The miner increased the price of its rough diamonds throughout much of 2021 as it sought to recover from the first year of the pandemic. (Image courtesy of De Beers Group.)
De Beers has implemented its biggest price increase for diamonds in years as the industry consolidates its recovery from the first pandemic-induced shutdowns.
The Anglo American unit hiked prices by about 8% at its first sale of the year, according to Bloomberg. The sharpest increases of up to 20% were for smaller, cheaper stones.
The changes at the January sight, which runs from Monday to Friday this week, reflected buoyant polished sales during the recent US festive period, as well as a hot rough market.
The company increased the price of its rough diamonds throughout much of 2021 as it sought to recover from the first year of the pandemic when the industry came to a near halt. Most of these hikes, however, were applied to stones bigger than 1 carat.
De Beers sells its gems through 10 sales each year in Botswana’s capital, Gaborone, and the handpicked buyers — known as sightholders — generally have to accept the price and the quantities offered.
Customers are given a black and yellow box containing plastic bags filled with stones, with the number of boxes and quality of diamonds depending on what the buyer and De Beers agreed to in an annual allocation.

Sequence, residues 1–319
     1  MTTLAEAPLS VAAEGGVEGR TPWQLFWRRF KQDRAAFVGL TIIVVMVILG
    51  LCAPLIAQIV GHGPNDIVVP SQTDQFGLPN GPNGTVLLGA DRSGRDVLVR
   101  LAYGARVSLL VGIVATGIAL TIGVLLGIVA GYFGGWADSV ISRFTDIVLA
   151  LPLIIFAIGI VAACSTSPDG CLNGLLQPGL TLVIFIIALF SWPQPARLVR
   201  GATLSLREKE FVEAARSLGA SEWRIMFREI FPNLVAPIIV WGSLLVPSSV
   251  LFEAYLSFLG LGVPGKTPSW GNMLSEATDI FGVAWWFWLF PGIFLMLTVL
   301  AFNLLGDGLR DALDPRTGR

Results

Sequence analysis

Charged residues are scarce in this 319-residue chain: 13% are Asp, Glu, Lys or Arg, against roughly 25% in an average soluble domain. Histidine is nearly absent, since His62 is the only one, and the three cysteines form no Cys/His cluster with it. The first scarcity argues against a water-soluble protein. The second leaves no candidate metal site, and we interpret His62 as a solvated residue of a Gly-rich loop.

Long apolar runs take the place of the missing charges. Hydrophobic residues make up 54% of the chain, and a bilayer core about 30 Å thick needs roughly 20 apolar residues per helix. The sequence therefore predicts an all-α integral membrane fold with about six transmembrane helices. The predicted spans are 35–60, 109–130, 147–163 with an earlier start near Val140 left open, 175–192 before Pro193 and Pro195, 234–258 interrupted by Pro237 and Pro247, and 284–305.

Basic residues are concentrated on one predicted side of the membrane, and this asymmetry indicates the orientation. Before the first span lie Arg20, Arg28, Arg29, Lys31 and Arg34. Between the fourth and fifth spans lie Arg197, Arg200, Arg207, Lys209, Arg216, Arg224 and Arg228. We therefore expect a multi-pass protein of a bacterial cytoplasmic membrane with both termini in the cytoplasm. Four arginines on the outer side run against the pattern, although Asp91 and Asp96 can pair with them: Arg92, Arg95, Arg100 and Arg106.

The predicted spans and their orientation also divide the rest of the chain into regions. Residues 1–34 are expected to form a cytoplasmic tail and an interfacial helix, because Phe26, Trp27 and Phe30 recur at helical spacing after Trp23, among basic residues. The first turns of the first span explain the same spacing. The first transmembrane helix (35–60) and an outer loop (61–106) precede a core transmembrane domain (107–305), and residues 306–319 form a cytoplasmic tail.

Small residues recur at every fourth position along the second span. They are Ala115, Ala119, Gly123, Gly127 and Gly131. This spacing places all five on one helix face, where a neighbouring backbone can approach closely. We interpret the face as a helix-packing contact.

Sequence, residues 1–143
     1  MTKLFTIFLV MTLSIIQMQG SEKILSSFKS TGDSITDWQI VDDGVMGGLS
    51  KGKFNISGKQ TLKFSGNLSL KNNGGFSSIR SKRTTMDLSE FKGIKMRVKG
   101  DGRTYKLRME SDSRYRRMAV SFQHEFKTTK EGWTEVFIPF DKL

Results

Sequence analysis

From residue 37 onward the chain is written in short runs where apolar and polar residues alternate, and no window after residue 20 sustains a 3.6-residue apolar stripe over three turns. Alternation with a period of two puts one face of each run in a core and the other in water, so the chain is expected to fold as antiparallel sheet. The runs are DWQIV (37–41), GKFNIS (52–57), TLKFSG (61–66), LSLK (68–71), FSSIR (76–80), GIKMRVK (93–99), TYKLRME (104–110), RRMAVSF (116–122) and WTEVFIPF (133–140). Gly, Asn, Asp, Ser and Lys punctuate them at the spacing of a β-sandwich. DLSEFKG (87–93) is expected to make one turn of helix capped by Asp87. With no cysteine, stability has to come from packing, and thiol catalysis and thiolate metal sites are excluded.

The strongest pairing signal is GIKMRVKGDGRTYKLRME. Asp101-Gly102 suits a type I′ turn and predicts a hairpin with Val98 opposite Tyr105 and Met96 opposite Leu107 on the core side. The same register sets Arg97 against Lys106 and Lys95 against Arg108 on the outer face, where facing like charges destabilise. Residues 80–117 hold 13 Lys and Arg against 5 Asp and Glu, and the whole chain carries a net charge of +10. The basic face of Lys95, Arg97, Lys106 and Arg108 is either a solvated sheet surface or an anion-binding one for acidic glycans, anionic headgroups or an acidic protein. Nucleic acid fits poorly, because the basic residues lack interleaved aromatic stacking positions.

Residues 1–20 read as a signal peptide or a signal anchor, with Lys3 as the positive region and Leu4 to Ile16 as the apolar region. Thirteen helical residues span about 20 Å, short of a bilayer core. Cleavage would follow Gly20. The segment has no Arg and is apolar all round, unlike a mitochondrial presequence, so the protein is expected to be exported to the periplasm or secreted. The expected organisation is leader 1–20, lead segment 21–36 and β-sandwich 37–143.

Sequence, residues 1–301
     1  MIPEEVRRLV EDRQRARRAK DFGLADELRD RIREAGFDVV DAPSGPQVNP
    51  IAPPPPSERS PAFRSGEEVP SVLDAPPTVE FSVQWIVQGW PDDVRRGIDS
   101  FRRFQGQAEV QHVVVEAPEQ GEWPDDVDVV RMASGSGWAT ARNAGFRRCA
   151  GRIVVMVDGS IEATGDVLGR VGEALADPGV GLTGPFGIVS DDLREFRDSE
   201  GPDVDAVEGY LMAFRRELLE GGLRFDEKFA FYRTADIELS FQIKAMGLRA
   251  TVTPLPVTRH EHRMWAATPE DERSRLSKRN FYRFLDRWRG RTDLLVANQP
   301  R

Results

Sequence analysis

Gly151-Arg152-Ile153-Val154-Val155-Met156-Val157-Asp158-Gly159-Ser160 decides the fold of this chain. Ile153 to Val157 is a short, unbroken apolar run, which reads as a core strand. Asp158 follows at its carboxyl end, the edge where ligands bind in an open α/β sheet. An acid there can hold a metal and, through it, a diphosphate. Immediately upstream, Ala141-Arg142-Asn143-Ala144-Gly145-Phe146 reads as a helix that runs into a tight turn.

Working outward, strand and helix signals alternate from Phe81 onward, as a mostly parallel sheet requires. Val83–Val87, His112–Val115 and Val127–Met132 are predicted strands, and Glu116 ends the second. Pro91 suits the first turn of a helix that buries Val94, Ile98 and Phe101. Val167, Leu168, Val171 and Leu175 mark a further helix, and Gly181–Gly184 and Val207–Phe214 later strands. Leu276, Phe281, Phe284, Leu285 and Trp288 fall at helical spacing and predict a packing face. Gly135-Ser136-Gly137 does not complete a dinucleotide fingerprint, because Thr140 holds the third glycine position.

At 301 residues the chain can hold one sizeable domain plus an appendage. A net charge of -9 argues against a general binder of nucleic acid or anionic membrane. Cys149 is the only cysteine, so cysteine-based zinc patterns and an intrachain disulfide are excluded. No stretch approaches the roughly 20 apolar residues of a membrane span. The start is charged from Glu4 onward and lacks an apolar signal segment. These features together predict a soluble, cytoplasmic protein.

Diamonds ended up being the big winners from lockdowns around the globe as access to rival luxury offerings was limited. That first showed with stronger-than-expected holiday sales, from Thanksgiving through to Christmas, and has since continued.
“The rough market is hot. There’s enthusiastic buying across all rough categories,” Anish Aggarwal, a partner at specialist diamond advisory firm Gemdax told Bloomberg in June. “There are supply shortages at the moment. That’s creating a sense of scarcity at every stage of the pipeline.”
Russia’s Alrosa, the world’s top diamond producer by output, has also increased the price of its diamonds over the last few months, triggering complaints from some industry actors. They claim the price hike has gone too far, especially as polished prices need to climb higher to justify the rates that rough stones are fetching.
(With files from Bloomberg)